Last reviewed on 19 February 2021
School types: All · School phases: All
Ref: 3901

Having a good relationship with your chair is an important part of being an effective governor. If your chair’s behaviour is problematic and you’re struggling to build a good rapport, use some of these tips and tricks to help get things back on track.

Assessing the situation

Before you decide to take any action, take some time to find out how serious the situation is. Start by asking yourself:

  • Is the problematic behaviour constant or is it an isolated problem?
  • Does the behaviour have a major impact on how the board functions?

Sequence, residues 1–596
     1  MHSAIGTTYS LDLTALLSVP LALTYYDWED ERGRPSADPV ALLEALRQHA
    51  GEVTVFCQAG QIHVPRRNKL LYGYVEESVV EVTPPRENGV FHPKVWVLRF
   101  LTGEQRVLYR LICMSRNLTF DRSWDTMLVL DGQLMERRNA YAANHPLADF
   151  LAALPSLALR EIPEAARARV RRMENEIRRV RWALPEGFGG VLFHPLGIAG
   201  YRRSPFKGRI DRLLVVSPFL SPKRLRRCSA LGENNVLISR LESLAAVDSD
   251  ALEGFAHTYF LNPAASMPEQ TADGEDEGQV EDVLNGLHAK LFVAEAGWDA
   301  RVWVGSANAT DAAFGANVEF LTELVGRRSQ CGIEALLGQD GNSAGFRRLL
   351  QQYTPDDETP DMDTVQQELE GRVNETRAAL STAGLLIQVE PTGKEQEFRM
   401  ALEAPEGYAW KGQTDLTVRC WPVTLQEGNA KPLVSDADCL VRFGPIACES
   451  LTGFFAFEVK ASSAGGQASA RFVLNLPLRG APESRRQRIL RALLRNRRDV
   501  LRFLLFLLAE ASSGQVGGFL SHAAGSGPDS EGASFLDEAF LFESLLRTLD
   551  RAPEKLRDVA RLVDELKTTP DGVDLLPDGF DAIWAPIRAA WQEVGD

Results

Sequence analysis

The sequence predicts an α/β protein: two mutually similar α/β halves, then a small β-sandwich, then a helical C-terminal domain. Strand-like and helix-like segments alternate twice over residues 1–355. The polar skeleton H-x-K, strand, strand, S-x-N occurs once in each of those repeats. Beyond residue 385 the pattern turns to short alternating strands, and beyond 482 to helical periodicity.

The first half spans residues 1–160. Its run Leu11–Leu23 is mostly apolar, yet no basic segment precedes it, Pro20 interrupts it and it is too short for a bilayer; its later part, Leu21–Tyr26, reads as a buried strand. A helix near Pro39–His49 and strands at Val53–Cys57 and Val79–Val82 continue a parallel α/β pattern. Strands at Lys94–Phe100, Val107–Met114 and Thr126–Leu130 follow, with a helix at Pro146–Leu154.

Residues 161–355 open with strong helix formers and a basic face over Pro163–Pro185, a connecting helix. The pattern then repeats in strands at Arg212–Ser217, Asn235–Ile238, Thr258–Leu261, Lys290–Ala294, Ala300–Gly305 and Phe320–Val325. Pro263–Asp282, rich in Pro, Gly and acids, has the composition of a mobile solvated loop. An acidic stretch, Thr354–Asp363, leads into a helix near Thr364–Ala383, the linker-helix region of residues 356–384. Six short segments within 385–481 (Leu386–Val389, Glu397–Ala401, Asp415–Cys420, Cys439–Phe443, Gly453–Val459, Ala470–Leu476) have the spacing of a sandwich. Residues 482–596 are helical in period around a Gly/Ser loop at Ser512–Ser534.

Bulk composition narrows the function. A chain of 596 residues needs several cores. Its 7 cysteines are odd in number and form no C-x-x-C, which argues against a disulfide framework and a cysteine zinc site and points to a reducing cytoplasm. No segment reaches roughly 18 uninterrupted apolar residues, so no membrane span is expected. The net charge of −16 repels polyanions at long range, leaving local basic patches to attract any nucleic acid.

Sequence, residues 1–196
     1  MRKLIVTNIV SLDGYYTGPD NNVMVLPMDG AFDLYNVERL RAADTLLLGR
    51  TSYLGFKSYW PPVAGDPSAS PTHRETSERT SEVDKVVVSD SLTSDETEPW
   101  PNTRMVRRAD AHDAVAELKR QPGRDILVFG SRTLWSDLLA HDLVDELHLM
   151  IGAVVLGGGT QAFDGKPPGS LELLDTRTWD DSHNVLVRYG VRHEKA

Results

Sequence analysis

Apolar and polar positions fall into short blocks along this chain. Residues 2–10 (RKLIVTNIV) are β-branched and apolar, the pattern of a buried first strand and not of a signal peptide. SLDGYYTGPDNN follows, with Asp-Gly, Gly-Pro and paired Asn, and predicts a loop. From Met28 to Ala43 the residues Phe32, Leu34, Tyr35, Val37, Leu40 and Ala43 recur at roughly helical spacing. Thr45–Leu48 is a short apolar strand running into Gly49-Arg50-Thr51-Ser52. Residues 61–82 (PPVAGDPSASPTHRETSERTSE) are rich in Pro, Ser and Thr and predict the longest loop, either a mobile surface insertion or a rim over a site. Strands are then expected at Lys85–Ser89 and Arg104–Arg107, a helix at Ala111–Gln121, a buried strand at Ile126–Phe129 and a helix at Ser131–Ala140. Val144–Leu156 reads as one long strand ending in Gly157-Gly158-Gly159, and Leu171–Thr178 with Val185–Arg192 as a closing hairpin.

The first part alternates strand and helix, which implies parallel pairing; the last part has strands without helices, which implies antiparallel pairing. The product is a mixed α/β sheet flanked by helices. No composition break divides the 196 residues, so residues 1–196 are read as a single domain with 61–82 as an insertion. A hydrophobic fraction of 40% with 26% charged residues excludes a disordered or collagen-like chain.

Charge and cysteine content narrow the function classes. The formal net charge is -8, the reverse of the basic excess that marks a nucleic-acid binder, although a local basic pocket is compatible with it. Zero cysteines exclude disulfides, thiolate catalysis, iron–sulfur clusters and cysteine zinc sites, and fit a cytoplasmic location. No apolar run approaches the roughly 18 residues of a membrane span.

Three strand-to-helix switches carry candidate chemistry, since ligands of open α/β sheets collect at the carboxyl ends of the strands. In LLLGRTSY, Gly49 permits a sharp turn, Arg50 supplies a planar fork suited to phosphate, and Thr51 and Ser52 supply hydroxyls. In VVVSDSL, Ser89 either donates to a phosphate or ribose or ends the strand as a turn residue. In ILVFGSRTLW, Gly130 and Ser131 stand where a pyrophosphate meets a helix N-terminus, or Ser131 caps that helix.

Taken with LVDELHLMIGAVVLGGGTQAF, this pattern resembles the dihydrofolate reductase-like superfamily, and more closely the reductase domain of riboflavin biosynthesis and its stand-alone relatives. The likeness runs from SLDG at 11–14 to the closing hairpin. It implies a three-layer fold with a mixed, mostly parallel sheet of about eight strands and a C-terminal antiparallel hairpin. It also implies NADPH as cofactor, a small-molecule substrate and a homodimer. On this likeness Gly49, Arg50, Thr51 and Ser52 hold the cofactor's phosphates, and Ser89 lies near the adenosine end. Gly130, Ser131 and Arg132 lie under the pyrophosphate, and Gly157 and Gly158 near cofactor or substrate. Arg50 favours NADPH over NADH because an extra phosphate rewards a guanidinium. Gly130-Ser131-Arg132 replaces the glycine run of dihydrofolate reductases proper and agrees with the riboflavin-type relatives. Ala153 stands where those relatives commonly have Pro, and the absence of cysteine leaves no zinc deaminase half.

• Is the chair behaving intentionally?
  • Do your fellow governors agree that this is a problem?

Where the issue is minor, consider whether the problem warrants any action at all. In cases where the impact is minimal or where the other governors disagree that a problem exists, exercising tolerance might be the wiser choice. In cases like these, taking action might make the relationship worse.

Informal first steps

If the chair's behaviour is actually having a negative effect on the board's function or governors' morale, then consider starting with some informal steps. 

Your first step should be speaking directly with the chair